“The worst illiterate is the political illiterate, he doesn’t hear, doesn’t speak, nor participates in the political events. He doesn’t know the cost of life, the price of the bean, of the fish, of the flour, of the rent, of the shoes and of the medicine, all depends on political decisions.
The political illiterate is so stupid that he is proud and swells his chest saying that he hates politics. The imbecile doesn’t know that, from his political ignorance is born the prostitute, the abandoned child, and the worst thieves of all, the bad politician, corrupted and flunky of the national and multinational companies.” 
I recently encountered an opinion in the Inquirer which made me think of how many times I have been trying to get the same message across to the people of the Philippines. I was also forced to ask myself, “Why do I — along with so many others — have to keep repeating the same thing, over and over again, and with little or no effect?“
And the only answer I could come up with was the fact that the people are just plain stupid. Now this is not meant to say that the entire country is filled with idiots (Although I have run into many foreigners and Filipinos alike, that will argue my last statement). But they are stupid in a more well-rounded combination of arrogance and ignorance. Thus, the nation has produced a near endless stream of people who literally believe their shit don’t stink.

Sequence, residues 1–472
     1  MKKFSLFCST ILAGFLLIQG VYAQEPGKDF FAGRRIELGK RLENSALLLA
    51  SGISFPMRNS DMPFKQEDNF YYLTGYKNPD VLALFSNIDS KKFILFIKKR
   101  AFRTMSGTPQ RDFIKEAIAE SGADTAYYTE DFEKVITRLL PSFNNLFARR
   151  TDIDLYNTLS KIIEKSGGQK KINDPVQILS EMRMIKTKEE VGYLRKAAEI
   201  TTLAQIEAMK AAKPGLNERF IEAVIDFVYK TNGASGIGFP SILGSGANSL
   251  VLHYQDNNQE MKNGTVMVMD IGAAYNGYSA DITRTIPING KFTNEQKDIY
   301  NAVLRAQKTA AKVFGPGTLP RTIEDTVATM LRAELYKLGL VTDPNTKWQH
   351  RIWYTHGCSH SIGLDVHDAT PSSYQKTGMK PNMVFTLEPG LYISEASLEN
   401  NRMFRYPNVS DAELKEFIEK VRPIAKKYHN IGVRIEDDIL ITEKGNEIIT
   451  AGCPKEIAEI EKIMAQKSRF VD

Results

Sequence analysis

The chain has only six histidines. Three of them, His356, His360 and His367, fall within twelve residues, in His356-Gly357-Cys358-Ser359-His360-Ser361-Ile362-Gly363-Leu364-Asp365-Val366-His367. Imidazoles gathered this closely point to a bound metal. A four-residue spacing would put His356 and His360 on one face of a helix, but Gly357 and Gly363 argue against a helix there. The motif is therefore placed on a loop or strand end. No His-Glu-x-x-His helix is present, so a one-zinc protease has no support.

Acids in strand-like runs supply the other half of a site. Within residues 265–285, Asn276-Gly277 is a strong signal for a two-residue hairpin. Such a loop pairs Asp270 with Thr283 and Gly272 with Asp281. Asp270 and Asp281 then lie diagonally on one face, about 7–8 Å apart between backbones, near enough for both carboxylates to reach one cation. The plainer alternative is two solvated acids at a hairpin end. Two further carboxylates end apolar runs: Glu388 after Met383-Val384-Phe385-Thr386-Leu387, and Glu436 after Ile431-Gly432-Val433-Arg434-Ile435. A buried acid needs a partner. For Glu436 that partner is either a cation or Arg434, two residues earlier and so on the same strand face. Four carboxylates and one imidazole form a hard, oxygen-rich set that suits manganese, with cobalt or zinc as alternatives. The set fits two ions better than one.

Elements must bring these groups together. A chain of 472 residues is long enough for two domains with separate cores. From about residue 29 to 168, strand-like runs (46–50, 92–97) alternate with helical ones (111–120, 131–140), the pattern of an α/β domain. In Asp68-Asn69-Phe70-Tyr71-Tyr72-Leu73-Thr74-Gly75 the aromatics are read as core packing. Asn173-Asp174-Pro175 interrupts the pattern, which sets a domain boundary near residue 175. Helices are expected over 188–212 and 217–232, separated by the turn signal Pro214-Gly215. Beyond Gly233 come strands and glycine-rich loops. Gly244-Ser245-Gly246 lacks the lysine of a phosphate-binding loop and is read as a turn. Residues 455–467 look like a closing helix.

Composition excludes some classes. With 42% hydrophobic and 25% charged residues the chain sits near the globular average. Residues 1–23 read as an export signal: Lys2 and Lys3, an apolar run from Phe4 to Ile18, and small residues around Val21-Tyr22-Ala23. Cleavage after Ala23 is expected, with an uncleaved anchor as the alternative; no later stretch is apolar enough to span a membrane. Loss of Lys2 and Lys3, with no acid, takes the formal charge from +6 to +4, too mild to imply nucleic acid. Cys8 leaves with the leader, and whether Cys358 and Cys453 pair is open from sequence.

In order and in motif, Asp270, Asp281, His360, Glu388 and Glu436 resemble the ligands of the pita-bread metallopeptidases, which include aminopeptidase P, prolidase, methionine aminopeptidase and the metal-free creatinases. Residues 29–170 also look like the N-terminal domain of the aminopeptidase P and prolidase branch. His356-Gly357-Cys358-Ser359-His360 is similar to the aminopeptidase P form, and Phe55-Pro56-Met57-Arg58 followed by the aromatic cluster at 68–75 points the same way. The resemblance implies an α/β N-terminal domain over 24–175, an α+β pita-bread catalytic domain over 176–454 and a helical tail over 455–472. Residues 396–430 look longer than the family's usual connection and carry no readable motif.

So before I pull out what remaining hair I have on my head, here is the Inquirer article…
I beg to differ with Godofredo Peteza’s views on politicians as “a basic foundation of democratic institutions” (“Pols needed, but political dynasties ruin democracy,” Letters, 10/15/14). Peteza seems to have forgotten a basic principle: It is the people who form the base, bedrock and foundation of any political system or government. The simplest yet most profound definition of a democracy is that it is “a government of the people, by the people, for the people.” There can be no government and no politician in the absence of the people. The people are both the subject (in the context of them being a basic matter of thought or discussion) and object (the end toward which thought or action is directed) of governance.
Peteza said that “without the politicians, government tends to become autocratic.” But aren’t we, in fact, already in thrall of an autocracy of political dynasties and pocket empires? The network, the spider’s web, of political families by which the Filipino people are kept in a stranglehold is autocracy in action and practice.
Peteza, seemingly writing from the planet Mars, had this bit of a fantasy: “In a democratic government like we have today, the citizens regardless of status are guaranteed by the Constitution equal treatment before the law.” He can tell that to the American Marines currently “visiting” the honkytonks of Olongapo! Everybody knows for a fact that citizens of this country do not enjoy equal rights and equal treatment before the law.
Corrupt politicians and avaricious businessmen conspire and help each other steal public funds with impunity, totally unafraid of prosecution and punishment. The rich carry on as if they are more equal than the rest of the populace, most of whom enter the gates of heaven with their tongues sticking out, having died from sheer overwork and hunger.